You can try repairing the profile by hand if you suspect that it has gone bad. This is recommended only for the technical and the extremely careful, as repairing a corrupt profile is tricky business. If you backed up your profile folder, you can restore it. If not, you can salvage the situation by creating a new profile and copying any important files from the corrupt profile to the new, working one. The important files to copy include:
- bookmarks.html: this file contains your bookmarks
- user.js: this file stores your user preferences
- prefs.js: the file that stores your Firefox preferences
- chrome/userContent.css: this file contains user styles for viewed Web pages
- chrome/userChrome.css: the file that stores your customizations to the appearance of Firefox menus, toolbars, and scrollbars
- cookies.txt: your cookies are stored here
- signons.txt: your user login information is stored here
- hostperm.1: this file stores permissions for hosts. In this file, Firefox makes a record of sites that are allowed to show popups and/or install extensions
If this approach fails, you'll have to uninstall and reinstall Firefox from scratch.
Strange Windows on Mac OS X
Recent versions of Mac OS X provide a variety of clever ways to swap between applications and windows, including Exposé. However, if you have the wrong minor version of Firefox 1.0,
and the wrong minor version of Mac OS X, you might notice an extra Firefox window appear within the Exposé window display. This issue results from an obscure feature of Firefox that was never intended to be user-visible, but was revealed by a minor update to Mac OS X.
The recommended strategy for handling this is to update your browser to the latest minor version of Firefox. With this version, the extra window does not appear, and you should never see it in future. If it's not eradicated by the time you read this, the issue will definitely be resolved in Firefox 1.1.
In some circumstances, you might need to uninstall Firefox—for instance, as a means to resolve some errors, as mentioned above. The Firefox uninstall process is the same as other uninstall procedures on your platform.
On Windows, use the Add/Remove Control Panel item -- accessed via Start>Settings>Control Panel -- to select the Firefox application and uninstall it.
On Mac OS X, drag the Applications/Firefox folder to the Waste basket.
On Linux, uninstalling Firefox is not recommended if it came bundled with the Linux distribution you use. You can delete all your personal information by removing the ~/.mozilla directory, if you like. Be aware, though, that this folder is also used by the older Mozilla Application Suite.
If you manage to uninstall all the Web browsers on your computer, accessing the Web will be quite a problem afterwards. Nevertheless, you can recover by downloading an installable version of Firefox using FTP. You can use a GUI-based FTP tool like CuteFTP, or you can do it by hand.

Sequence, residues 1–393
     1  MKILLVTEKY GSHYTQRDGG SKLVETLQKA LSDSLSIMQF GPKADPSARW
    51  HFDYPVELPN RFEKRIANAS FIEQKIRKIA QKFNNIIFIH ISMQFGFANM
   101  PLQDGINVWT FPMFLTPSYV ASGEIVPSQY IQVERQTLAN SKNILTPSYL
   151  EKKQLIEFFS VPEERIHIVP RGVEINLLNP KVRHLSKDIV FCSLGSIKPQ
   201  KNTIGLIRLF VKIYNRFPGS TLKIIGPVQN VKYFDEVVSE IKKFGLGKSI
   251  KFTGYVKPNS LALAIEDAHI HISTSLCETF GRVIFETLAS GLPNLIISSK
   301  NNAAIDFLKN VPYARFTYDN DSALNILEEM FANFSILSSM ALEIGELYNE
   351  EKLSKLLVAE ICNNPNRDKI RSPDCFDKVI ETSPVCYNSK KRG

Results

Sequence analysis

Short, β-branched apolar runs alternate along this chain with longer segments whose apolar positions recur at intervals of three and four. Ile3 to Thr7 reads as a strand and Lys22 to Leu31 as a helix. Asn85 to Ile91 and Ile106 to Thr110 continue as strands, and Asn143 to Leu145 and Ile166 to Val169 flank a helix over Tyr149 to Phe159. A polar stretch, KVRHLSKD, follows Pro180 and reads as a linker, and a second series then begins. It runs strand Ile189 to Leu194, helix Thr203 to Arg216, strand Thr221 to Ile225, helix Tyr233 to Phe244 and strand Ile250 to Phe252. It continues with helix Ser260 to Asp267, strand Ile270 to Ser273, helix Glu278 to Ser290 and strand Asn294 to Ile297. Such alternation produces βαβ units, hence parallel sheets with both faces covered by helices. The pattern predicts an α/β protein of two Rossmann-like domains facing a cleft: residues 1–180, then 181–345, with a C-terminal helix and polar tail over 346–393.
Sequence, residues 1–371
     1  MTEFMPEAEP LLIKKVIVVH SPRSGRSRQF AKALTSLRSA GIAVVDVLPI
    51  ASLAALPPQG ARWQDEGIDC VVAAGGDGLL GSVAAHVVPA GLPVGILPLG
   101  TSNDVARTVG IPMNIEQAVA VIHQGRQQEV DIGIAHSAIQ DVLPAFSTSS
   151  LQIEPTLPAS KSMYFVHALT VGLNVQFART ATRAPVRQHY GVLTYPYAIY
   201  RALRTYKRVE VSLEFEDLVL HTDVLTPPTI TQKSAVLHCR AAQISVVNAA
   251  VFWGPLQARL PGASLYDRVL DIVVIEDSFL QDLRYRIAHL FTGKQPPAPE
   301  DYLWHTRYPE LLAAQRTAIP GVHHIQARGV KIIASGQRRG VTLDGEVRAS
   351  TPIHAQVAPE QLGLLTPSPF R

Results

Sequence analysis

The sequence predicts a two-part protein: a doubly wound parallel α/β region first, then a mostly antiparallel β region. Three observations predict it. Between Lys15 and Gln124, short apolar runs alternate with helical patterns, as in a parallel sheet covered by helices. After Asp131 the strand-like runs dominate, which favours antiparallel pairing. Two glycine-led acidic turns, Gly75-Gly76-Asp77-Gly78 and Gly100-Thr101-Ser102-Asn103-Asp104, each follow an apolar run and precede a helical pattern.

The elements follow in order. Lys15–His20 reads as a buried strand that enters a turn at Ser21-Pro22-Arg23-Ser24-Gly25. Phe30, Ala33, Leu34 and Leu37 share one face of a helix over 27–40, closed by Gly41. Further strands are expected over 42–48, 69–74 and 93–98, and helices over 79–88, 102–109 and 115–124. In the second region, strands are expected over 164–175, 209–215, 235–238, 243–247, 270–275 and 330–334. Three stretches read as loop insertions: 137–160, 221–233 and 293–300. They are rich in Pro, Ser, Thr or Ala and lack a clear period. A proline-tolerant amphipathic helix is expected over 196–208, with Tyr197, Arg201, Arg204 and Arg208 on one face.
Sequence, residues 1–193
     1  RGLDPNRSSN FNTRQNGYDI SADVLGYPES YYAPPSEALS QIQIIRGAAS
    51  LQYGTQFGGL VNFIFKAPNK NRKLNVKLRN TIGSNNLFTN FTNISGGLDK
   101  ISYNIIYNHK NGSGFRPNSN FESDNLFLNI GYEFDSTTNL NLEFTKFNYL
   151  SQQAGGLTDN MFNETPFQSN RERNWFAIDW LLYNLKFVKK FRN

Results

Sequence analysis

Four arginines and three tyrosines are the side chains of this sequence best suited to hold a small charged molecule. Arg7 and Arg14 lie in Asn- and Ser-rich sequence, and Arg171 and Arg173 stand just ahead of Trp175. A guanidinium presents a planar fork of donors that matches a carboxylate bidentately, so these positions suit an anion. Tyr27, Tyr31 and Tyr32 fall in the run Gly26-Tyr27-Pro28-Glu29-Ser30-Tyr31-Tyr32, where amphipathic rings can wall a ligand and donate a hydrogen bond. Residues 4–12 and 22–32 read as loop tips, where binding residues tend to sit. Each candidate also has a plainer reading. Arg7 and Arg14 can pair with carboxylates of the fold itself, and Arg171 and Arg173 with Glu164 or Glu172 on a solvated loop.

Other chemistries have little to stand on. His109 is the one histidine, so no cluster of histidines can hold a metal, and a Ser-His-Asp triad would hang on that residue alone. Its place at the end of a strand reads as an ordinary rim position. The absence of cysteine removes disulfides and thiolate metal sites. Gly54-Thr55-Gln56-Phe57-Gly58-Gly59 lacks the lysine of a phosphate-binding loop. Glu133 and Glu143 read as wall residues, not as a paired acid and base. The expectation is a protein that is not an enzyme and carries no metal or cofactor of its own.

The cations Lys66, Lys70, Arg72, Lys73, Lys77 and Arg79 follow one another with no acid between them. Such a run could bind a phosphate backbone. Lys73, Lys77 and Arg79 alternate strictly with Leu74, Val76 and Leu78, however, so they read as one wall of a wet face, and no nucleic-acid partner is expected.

To download Firefox by hand using FTP on Windows, proceed as follows. First, start a DOS Box (Start>Programs>MS-DOS Prompt) or a Windows Command shell (Start>Programs> Accessories>System Tools>cmd box).
Next, get the Firefox download via FTP using the command:
Once you're logged in (using the username anonymous, and no password), navigate to this folder using the cd command:
Once you're there, download the Firefox install file like so:
get "Firefox Setup 1.0.exe"
Exit ftp with the
quit command, then install Firefox by double-clicking the .exe file as you would any downloaded program.
On Mac OS X and Linux, the process is the same, except that you must uncompress the downloaded file (using StuffIt! or gzip) before running the installer. For Linux users, the path is:
For Mac OS X users, the path is:
Seeing Something Weird
If your experiments with Firefox have become particularly arcane, you can, in very rare cases (for example, when using nightly builds), confuse the graphical desktop provided by your operating system. To remedy this, simply shut down the computer in an orderly manner, then restart it. The restart will clear everything up. If you think that the cause of the problem
is easily repeatable, tell the Firefox developers about it, so the bug can be resolved.
Sometimes, you may see weird things happen inside a Web page. It's no use complaining that the page "doesn't work." If you think you've spotted a genuine failing of Firefox, then proceed as follows. First, make a copy of the problem page, then progressively strip content from
it until you've found the snippet that's causing the problem. Next, check what the HTML and CSS standards have to say on the matter. If you're still convinced it's a Firefox issue, tell the developers so that Firefox can be fixed.